I graduated this summer and I have to admit that I am really missing university. My friends who are doing masters are all back at university and getting back into the swing of it. I miss my friends, I miss learning, I miss pushing myself academically and I miss the structure of my days. Yes, there are plenty of things I don't miss, the 104 mile daily commute, juggling school plays/children's illnesses with seminars and lectures and so on. But fundamentally, I miss it and I would go back in an instant if I could afford to do a Masters.
If you haven't seen it before, you can have a gander at my mature student's guide to university which I wrote at the beginning of my second year. Here are my top tips for starting university.
Everyone is petrified in Freshers week. Fact. I burst into tears on my first day because I was totally overwhelmed. It was just as scary for me as it was for an 18 year old leaving home for the first time. In fact, when I left home at 16 I wasn't even vaguely bothered. Starting university was way scarier. Make sure you talk to people. Whoever you sit next to in a lecture or seminar. Introduce yourself and ask what they are studying. You will be amazed at how many different courses people are studying even though you take many of the same modules. The person I sat next to on my first day at uni became the person I was friends with throughout my degree, and I imagine we will be friends for many years.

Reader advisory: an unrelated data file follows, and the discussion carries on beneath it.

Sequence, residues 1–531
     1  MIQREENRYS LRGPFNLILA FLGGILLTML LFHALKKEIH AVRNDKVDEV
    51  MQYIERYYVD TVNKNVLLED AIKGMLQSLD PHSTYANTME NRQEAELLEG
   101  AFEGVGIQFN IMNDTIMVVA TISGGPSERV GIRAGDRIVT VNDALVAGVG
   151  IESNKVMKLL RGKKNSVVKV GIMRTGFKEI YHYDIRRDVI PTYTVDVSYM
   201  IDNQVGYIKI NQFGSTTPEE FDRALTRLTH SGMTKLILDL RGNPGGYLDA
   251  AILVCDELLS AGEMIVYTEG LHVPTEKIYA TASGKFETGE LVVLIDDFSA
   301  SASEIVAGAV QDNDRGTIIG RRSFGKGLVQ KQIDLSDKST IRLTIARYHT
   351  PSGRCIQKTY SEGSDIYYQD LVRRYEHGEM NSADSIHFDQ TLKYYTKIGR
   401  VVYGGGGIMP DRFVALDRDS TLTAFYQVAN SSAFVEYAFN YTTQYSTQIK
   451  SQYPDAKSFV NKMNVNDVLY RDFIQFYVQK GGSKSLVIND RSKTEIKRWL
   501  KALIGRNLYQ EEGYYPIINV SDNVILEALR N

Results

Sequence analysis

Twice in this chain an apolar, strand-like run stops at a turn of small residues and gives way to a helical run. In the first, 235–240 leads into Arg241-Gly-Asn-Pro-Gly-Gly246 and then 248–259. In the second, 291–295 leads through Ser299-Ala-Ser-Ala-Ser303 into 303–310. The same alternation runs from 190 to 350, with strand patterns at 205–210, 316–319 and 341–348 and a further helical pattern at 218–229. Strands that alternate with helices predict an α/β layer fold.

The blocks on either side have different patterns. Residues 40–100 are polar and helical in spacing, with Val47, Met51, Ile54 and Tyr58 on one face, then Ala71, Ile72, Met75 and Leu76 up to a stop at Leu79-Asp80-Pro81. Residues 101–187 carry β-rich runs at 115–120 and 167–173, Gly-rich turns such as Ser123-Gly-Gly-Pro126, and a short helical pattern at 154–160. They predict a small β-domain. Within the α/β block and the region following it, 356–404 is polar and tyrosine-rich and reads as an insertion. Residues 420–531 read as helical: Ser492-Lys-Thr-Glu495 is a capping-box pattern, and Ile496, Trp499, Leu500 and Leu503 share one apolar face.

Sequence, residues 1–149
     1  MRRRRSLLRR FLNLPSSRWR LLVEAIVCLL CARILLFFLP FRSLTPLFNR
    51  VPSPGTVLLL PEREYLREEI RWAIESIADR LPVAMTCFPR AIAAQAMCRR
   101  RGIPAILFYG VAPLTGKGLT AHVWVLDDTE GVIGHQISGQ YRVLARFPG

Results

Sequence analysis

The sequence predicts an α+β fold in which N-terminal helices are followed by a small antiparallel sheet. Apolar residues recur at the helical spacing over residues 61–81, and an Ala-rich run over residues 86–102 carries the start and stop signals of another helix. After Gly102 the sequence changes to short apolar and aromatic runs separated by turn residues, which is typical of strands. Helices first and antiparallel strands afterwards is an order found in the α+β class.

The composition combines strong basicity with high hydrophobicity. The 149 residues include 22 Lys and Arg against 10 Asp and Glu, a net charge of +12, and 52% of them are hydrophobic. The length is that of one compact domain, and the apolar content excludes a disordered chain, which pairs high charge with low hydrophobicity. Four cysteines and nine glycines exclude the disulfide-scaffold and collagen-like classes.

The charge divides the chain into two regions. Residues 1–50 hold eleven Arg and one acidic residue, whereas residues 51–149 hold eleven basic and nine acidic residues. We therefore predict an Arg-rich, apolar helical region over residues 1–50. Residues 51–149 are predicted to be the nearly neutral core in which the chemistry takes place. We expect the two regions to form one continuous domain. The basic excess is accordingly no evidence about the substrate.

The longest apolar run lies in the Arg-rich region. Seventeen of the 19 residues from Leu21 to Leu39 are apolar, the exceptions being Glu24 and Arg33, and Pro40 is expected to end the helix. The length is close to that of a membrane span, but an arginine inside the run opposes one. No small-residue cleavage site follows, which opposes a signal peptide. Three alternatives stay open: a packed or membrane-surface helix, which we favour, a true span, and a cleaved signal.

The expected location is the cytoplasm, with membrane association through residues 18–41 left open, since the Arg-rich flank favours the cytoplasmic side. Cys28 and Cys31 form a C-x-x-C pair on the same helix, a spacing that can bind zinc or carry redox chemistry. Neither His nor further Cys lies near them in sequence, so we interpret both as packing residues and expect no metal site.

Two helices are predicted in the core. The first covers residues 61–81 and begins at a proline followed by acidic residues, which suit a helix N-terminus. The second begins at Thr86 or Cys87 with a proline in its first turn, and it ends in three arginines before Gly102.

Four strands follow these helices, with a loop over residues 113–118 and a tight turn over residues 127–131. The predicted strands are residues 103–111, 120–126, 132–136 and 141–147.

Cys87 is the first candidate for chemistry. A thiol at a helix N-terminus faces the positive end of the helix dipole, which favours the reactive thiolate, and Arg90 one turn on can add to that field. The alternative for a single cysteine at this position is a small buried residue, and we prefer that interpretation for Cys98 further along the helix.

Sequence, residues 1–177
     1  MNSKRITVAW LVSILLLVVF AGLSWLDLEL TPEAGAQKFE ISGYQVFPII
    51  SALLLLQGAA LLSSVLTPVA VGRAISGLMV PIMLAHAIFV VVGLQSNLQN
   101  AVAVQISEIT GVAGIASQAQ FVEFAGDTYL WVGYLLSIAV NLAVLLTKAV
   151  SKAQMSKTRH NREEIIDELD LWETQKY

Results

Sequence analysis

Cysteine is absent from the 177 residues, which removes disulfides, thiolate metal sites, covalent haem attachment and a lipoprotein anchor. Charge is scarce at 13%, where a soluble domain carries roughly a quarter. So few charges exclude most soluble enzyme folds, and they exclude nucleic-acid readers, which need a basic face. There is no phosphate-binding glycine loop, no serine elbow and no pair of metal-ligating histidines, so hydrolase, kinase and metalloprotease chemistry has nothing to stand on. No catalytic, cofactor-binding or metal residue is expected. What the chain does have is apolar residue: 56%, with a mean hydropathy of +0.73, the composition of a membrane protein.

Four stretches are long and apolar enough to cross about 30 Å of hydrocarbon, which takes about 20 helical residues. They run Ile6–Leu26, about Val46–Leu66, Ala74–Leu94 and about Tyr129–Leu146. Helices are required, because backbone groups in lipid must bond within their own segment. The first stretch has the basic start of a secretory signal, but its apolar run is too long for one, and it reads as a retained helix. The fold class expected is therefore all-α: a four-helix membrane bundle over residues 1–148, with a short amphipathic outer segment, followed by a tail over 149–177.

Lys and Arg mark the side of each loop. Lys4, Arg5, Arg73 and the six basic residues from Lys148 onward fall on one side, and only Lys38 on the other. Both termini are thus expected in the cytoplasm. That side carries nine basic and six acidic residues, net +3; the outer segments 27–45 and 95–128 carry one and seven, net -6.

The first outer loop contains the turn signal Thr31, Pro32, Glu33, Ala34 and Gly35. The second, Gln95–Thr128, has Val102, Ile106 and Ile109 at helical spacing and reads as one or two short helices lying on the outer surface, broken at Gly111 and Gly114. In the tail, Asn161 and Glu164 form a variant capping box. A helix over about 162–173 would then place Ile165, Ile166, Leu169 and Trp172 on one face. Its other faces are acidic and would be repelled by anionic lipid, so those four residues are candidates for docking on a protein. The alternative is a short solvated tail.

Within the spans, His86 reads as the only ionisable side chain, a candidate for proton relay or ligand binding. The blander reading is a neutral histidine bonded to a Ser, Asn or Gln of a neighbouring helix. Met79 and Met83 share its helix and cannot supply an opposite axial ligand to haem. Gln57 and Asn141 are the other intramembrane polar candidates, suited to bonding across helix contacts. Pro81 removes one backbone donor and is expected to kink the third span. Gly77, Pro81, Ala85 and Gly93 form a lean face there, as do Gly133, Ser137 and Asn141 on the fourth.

If I can manage to fit university work into a 9-5 scenario then you can too. It was fairly rare (apart from the final few months of my final year) that I ever had to do any work at weekends. When I wasn't in lectures or seminars I was in the library. Yes, it might sound dull, but it meant that my evenings and weekends were free. Admittedly not that free because there were my two children to look after, but it ensured that I got to spend time with them. For regular students, that leaves you time to go to societies, to have a social life and to have fun.
This is important whatever type of student you are. As a mature student I had childcare costs, travel costs as well as a mortgage to pay and a family of four to feed. As a regular student, you have bills to pay for the first time, rent, electricity, gas, phone. The list goes on. You will be paid in three instalments of your student loan. One in October, one in January and one in April. The instalments in January and April will be the biggest (it was in my experience anyway). The only exception to this is the final year, when the April payment will be lower.
What I have found worked best for me was to have one account and a separate pre-paid debit card. The account is where your loan goes into, kind of like a holding account, and the debit card, I used to put a monthly amount into, kind of like paying yourself a salary. This really helps to budget each month. It means that you know exactly how much you have to spend each month. It also means that you don't spend your entire loan straight off, you have a reserve of money to see you through until the next instalment.
I hope you find these tips useful, they certainly saw me through university and I am proud to say I graduated this summer with a 2:1 in Philosophy, Politics and Economics.
If you would like to enter to win a laptop from Curry's, check out their competition here.
Disclosure: I am entering this post into the #CurrysStudentHacks competition. This has no impact on my post, or the advice in my post.